# 2004 Women in Mathematics Program

(2003-2004)
Monday, May 17, 2004 (All day) to Friday, May 28, 2004 (All day)

# Course Descriptions:

Beginning Lecture Course: Harmonic Analysis: from Fourier to Haar
Prerequisites: advanced calculus and linear algebra

Lecturers: 1st week - Lesley Ward (Harvey Mudd College)
2nd week - Cristina Pereyra (University of New Mexico)

Teaching Assistants: Manuela Longoni de Castro (Univ. of New Mexico) for Lesley Ward
Stephanie Molnar (UCLA) for Cristina Pereyra

Outline: This two week course aims to expose the students to the basics of harmonic analysis. It ranges from Fourier's heat equation, and the decomposition of functions into sums of cosines and sines (frequency analysis) to dyadic harmonic analysis (or decomposition into Haar basis functions, involving time localization). In between these two different ways of decomposing functions lies a whole world of time/frequency analysis (wavelets) which we will touch on, although we will concentrate on the Fourier and Haar cases.

In the first week, some of the classical results on Fourier series will be discussed. These include different modes of convergence, Gibbs' phenomenon, and the interplay with differentiability, as well as the conceptually simpler case of Fourier analysis on finite dimensional spaces and the celebrated and influential Fast Fourier Transform, an algorithm discovered by Euler almost 200 years ago and rediscovered by Tukey and Cooley in the 1960s.

In the second week, the Hilbert transform, probably the most important operator in harmonic analysis after the Fourier transform, will be introduced, as well as its connections to complex and Fourier analysis. The Haar basis and the geometry of dyadic intervals will be analyzed, and we will show how to express the Hilbert transform as a superposition of dyadic operators. Wavelets will be introduced, and the framework of multiresolution analysis will be discussed in terms of the Haar basis. The problem sessions will be oriented toward applications and, sometimes, careful calculations avoided in class. We will use software such as the Matlab Wavelet Toolbox to illustrate the power of these techniques in the "real world".

We will introduce as needed concepts from Hilbert spaces, Banach spaces, and the theory of distributions. In particular we will try to compare finite- and infinite-dimensional spaces, and remark on their differences and their analogies.

Suggested references:

1. "Fourier Analysis - an introduction" by E. Stein & R. Shakarshi. Princeton Lectures in Analysis I, Princeton Univ. Press 2003.
2. "Introduction to Fourier Analysis and Wavelets" by Mark A. Pinsky. The Brooks/Cole Series in Advanced Mathematics, Paul J. Sally, Jr. Editor. Brooks Cole; 1st edition (October 19, 2001). ISBN 0-534-37660-6.
3. "A Panorama of Harmonic Analysis" by S. G. Krantz. The Carus Mathematical Monographs 27, AMS 1999.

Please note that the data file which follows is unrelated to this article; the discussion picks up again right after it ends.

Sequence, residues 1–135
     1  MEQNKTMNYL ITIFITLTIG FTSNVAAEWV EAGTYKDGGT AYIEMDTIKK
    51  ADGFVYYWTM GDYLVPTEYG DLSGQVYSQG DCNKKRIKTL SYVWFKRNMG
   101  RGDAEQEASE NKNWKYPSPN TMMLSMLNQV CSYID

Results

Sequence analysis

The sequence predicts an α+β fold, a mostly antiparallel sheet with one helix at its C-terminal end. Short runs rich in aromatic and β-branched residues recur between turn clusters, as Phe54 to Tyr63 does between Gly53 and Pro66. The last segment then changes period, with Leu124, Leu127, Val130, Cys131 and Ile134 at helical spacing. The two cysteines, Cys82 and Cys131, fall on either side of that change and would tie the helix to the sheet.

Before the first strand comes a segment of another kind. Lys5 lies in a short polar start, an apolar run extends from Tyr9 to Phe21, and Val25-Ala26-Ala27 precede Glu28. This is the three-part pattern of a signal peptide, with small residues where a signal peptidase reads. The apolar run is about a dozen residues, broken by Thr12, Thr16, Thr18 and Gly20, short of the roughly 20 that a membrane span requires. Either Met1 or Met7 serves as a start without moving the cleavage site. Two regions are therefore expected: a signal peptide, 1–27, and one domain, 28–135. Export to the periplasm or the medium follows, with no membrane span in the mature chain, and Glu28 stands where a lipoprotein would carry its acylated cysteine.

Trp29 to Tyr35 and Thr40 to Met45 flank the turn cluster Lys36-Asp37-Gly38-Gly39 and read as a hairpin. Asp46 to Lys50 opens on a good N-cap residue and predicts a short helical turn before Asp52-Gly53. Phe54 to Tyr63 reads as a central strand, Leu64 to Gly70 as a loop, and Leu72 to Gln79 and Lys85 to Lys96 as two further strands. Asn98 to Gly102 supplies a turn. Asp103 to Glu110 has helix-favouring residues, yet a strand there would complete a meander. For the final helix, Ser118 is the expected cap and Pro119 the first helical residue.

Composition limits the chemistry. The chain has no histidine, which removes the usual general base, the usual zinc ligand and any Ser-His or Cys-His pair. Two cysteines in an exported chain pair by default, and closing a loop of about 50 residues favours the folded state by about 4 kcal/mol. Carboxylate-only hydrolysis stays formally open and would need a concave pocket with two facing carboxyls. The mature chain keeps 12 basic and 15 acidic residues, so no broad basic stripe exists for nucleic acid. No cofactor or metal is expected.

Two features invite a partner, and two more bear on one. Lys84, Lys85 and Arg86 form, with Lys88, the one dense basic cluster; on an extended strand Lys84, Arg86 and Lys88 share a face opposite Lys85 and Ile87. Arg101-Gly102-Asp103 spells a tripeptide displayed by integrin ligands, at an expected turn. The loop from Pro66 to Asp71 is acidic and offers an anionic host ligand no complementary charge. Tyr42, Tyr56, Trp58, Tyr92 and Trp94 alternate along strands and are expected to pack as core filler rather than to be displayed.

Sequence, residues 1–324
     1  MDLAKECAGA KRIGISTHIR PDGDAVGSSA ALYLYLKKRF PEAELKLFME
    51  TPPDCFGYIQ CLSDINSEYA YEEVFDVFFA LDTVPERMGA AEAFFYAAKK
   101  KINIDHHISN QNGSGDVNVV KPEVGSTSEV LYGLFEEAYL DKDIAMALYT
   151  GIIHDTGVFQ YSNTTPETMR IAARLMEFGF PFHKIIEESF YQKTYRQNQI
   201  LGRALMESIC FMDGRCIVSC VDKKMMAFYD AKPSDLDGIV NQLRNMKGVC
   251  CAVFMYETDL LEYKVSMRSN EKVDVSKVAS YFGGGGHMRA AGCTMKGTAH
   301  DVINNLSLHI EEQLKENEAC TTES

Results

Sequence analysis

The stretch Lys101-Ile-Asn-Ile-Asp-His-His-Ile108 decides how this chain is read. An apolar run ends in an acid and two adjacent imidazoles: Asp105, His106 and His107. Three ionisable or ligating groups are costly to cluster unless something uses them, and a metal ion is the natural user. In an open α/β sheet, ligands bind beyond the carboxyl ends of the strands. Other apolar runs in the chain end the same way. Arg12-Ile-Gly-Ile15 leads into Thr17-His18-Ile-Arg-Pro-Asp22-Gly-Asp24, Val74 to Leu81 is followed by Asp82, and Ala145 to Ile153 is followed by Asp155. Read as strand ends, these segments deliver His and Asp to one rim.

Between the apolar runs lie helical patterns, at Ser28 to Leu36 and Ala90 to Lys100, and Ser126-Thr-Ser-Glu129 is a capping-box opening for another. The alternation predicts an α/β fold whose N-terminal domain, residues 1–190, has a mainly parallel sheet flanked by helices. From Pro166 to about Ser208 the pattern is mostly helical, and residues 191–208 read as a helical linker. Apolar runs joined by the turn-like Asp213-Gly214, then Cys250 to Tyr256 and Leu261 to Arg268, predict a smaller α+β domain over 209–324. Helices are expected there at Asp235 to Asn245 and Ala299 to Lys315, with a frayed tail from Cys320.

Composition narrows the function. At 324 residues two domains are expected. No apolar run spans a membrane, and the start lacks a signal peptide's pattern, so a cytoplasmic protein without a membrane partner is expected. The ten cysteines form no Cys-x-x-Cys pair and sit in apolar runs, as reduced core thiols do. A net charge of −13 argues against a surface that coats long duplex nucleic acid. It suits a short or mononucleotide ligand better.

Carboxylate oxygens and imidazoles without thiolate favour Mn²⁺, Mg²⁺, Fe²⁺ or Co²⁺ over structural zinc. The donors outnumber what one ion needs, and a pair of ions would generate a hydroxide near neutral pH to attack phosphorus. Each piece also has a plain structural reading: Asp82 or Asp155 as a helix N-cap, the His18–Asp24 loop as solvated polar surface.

4. "An Introduction to Wavelets Through Linear Algebra" by Michael W. Frazier (Undergraduate Texts in Mathematics) Springer Verlag 1999.

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Advanced Lecture Course: The wave equation: classical and modern methods

Lecturers: 1st week - Jill Pipher (Brown University)
2nd week - Gigliola Staffilani (MIT)

Teaching Assistants: Juhi Jang (Brown University)
Sarah Raynor (The Fields Institute and the University of Toronto)

Outline: In this two week course we present some classical and more modern methods in the study of the linear and nonlinear wave equations when data are assigned at the initial time. We shall see that abstract functional analysis, harmonic analysis and Fourier analysis can be used to solve a very "Physical" problem. The course will be self-contained and accessible to first year graduate students who know some basic real variable theory (measure theory, Banach and Hilbert spaces, linear operators). No knowledge of partial differential equations is assumed.

In the first week we introduce the homogeneous and inhomogeneous Cauchy problem associated to the linear wave equation, and prove a fundamental property of solutions, the "finite speed of propagation". As preparation for the nonlinear theory, we will discuss a family of a priori estimates for these solutions: the Strichartz estimates. We will prove certain of these estimates, but the others require more sophisticated tools of harmonic analysis and are beyond the scope of this course.

In the second week we introduce some nonlinear wave equations and present the classical energy method used to solve the associated Cauchy problem under the assumption that the initial data are smooth enough. Then, an example is presented to show how the Strichartz estimates may be used to relax the smoothness assumption on the data.

We hope that the course will give some flavor of the ideas and tools that have been recently used to make extraordinary progress in the study of wave maps and quasilinear equations.

Materials will be drawn from the following sources: "Harmonic Analysis" by E. Stein, "Partial differential equations" by L.C. Evans, " Lectures on nonlinear wave equations" by C. Sogge.